5. 5. OUR INDUSTRY TODAY 721 Table 4. Number herds using selected practices during expansion. Some producers who expanded to allow a family mem- Responses No. % ber to join the operation recognized the need for addi- Where did the additional animals come from?1 tional cows to support multiple families. Other reasons Bought bred heifers before they calved 198 66% for expansion included improving physical working con- Bought mature animals 188 63% ditions, creating time away from the farm, and improv- Grew from within 145 48% ing labor efficiency. Bought bred heifers which had recently calved 64 21% Bought calves/heifers and raised them 50 17% When asked the question (referring to expansion) If bought, where did you buy these animals?1 “Knowing what you do now, would you do it again?” Other dairy producers 214 81% only 16 (6%) producers indicated they would not expand Cattle dealers 131 50% Auctions 108 41% again. Many producers indicated they would expand at Sale barns 29 11% a more rapid rate or to a larger herd size. Survey results Practices used to minimize health problems indicate that most producers surveyed achieved the ex- with new animals?1 pected gains in profitability and labor efficiency ex- Visually inspected animals before purchase 238 91% pected from expansion. These results should be inter- Increased level of vaccination in existing herd 177 67% Vaccinated incoming cattle after moving them 134 51% preted with caution because the experiences of nonre- Vaccinated incoming cattle before moving them 129 49% spondents may not have been as positive as for the Examined individual SCC records 110 42% producers who responded to the survey. Isolated animals after moving them 72 27% Examined individual cow health records 67 26% Blood tested animals before purchase 56 21% Did bulk tank cultures before purchase 39 15% Satisfaction with Modernization Benefits provided to full-time employees1 A common question asked by producers considering Paid vacation time 144 48% Health insurance 143 47% an expansion is “Should I start with all new facilities Milk or meat 107 35% or modify what I have?” Most producers (72%) who Housing 89 29% responded to this survey indicated they used existing Other 38 13% Profit-sharing 24 8% facilities along with some new facilities. Table 5 com- Allow employee owned animals in herd 20 7% pares postexpansion experiences of producers who 1) Retirement Plan 19 6% expanded cow numbers without changing facility type, Share of calves born 7 2% 2) modified existing facilities and built some new facili- Why did you decide to expand your herd?1 To increase our farm’s profitability 265 89% ties, or 3) built all new facilities. Schwarzweller (1999) To improve labor efficiency 217 73% demonstrated that newer facilities were associated To improve physical working conditions 207 69% with higher labor efficiency and higher production, al- To get time away from the farm 181 61% To allow a family member to join the operation 103 34% though this effect was confounded by herd size. This Other 52 17% work showed that producers who built all new facilities Which reason was most important to your decision had the highest RHA milk production following expan- to expand? sion, while producers who did not change facility type To increase our farm’s profitability 123 44% To allow a family member to join the operation 40 14% had the lowest RHA milk production (Table 5). Produc- To improve physical working conditions 35 13% ers who modified existing facilities observed a lower To get time away from the farm 33 12% increase in RHA milk production during the 5-yr period To improve labor efficiency 22 8% Other 28 10% studied than the producers who expanded without Knowing what you do now, expand your operation changing facility type. The highest production was asso- as you did?1 ciated with all new facilities and may be attributed to Yes, the same way 148 51% advantages in cow comfort and cleanliness associated Yes, only quicker 84 29% Yes, only bigger 66 23% with facilities designed without building restrictions. Yes, but slower 17 6% Producers who expanded without changing facility type No 16 6% had smaller herd sizes and a higher increase in produc- 1 Multiple answers could be selected. tion, which may be related to having the ability to ex- pand totally from within their herd or to buy higher quality animals than producers that needed more cows. two questions (example: the option “to allow a family Producers who built some or all new facilities had member to join the operation” was ranked fifth for total lower average age at first calving (Table 5). Labor effi- responses, but second for most important). Most produc- ciency; based on cows per FTE was highest for the pro- ers had multiple reasons for expanding their herd. The ducers who built all new facilities, followed by produc- majority of producers in this study appeared to be moti- ers who modified facility type and those who did not vated by a need to increase the farm’s profitability. change facility type. Satisfaction with heat detection, Journal of Dairy Science Vol. 84, No. 3, 2001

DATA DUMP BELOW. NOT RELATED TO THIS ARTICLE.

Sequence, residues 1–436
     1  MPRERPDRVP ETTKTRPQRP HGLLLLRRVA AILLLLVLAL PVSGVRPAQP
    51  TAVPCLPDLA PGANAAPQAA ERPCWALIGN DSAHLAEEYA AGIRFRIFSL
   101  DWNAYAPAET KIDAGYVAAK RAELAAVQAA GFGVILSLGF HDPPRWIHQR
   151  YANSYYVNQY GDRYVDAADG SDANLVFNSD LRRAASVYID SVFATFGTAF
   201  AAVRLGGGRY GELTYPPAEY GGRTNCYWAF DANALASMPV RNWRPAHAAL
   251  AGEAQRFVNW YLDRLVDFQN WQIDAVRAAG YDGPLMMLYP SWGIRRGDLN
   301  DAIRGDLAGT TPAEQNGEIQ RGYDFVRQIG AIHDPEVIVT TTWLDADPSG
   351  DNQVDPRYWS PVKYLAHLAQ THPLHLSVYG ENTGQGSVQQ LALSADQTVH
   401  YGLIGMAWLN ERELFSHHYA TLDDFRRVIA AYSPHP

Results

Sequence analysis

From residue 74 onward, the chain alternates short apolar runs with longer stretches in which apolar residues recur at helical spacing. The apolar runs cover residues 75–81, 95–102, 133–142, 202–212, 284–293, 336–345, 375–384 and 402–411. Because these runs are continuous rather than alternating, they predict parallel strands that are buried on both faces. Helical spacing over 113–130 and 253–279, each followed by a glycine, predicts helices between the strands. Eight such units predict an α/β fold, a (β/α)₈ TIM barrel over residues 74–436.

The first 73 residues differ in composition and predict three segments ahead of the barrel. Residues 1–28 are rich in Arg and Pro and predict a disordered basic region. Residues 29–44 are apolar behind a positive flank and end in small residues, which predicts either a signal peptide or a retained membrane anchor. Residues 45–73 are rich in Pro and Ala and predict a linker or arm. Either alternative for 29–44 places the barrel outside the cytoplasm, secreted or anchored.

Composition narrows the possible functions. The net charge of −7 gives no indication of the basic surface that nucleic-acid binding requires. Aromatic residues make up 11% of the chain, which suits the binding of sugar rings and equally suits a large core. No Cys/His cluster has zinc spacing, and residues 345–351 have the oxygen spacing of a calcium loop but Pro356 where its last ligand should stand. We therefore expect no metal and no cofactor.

6. 6. 722 BEWLEY ET AL. Table 5. Mean (± SE) production and performance measures by type of expansion. Expanded cow Modified existing numbers without facilities; built Built all new changing facility type some new facilities Herds, no. 31 218 53 1998 median herd size1 95 170 420 1994 median herd size1 54 77 120 1998 RHA2 milk, lb 20503 ± 549c 21920 ± 220b 23218 ± 514a 1994 RHA2 milk, lb 17985 ± 519b 20300 ± 210a 20897 ± 487a Change in RHA3 2519 ± 386a 1658 ± 156b 2321 ± 362ab Linear SCS 3.07 ± 0.09 2.89 ± 0.04 2.82 ± 0.09 Days open 143 ± 6 136 ± 2 141 ± 5 Calving interval 14.0 ± 0.2 13.6 ± 0.1 14.0 ± 0.2 Days dry 63 ± 1 61 ± 1 62 ± 1 Age at first calving 26.9 ± 0.3a 26.0 ± 0.1b 25.7 ± 0.3b Culling rate 34.7 ± 2.2ab 33.7 ± 0.9a 29.2 ± 2.0b Cows per FTE4 30 ± 3c 38 ± 1b 52 ± 2a Means within rows with different superscripts differ (P < 0.05). a,b,c 1 Median herd size = Herd size for nonrespondents calculated using DHI values. 2 RHA = DHI calculated rolling herd average. 3 Change in RHA = 1998 RHA Milk-1994 RHA Milk. 4 Cows per FTE = Number of milking and dry cows/(total h worked per week/50). production costs per hundredweight, net farm income, calving interval, days dry, or satisfaction with culling and disposable household income was higher for pro- rate, animal health, conception rate, calving interval, ducers who built all new facilities than for producers milk quality, personal satisfaction with my role, and who modified facilities or did not change facility type. relationship with spouse and family. The advantages Producers who built all new facilities were more satis- of new and modified facilities are reflected in the results fied with overall quality of life than producers who did above. These producers appear to be more satisfied with not change their facilities (Table 6). Producers who did herd productivity, labor efficiency, profitability, and not change their facility type were more satisfied with quality of life. A possible explanation for this increased neighbor relations than were producers who built all satisfaction is that producers who built all new facilities new facilities. Building a large, commercial dairy often could select designs that optimized cow comfort, cow creates resistance within the community related to con- cleanliness, and labor efficiency without being hindered cerns for animal welfare and odors from animal waste. by the constraints of existing facilities, but these results No statistical differences were observed for linear SCS, are confounded by herd size effects. Producers who built Table 6. Mean (± SE) satisfaction measures by type of expansion. Expanded cow Modified existing numbers without facilities; built Built all new changing facility type some new facilities Herds, no. 31 218 53 Culling rate1 3.23 ± 0.19 3.32 ± 0.07 3.46 ± 0.15 Animal health, general1 3.71 ± 0.15 3.79 ± 0.06 4.00 ± 0.11 Heat detection1 3.32 ± 0.17b 3.56 ± 0.06b 3.87 ± 0.13a Conception rate1 3.19 ± 0.16 3.36 ± 0.06 3.53 ± 0.13 Calving interval1 3.39 ± 0.16 3.41 ± 0.06 3.57 ± 0.12 Milk quality1 3.55 ± 0.17 3.77 ± 0.06 3.79 ± 0.13 Production costs per cwt1 3.61 ± 0.15b 3.66 ± 0.06b 4.04 ± 0.12a Net farm income1 3.26 ± 0.19b 3.59 ± 0.07b 4.04 ± 0.15a Neighbor relations1 4.29 ± 0.16a 3.95 ± 0.06ab 3.77 ± 0.12b Personal satisfaction with my role1 4.00 ± 0.15 4.03 ± 0.16 4.25 ± 0.12 Personal health1 3.32 ± 0.19c 3.78 ± 0.07b 4.23 ± 0.15a Disposable household income1 3.23 ± 0.18b 3.59 ± 0.07b 4.08 ± 0.14a Relationship with spouse and family1 4.16 ± 0.17 4.01 ± 0.06 4.10 ± 0.13 Time away from the farm1 2.71 ± 0.20c 3.29 ± 0.08b 3.79 ± 0.16a Overall quality of life1 3.65 ± 0.16b 3.82 ± 0.06ab 4.06 ± 0.12a Means within rows with different superscripts differ (P < 0.05). a,b,c 1 Average satisfaction reported on a scale from 1 (very dissatisfied) to 5 (very satisfied). Journal of Dairy Science Vol. 84, No. 3, 2001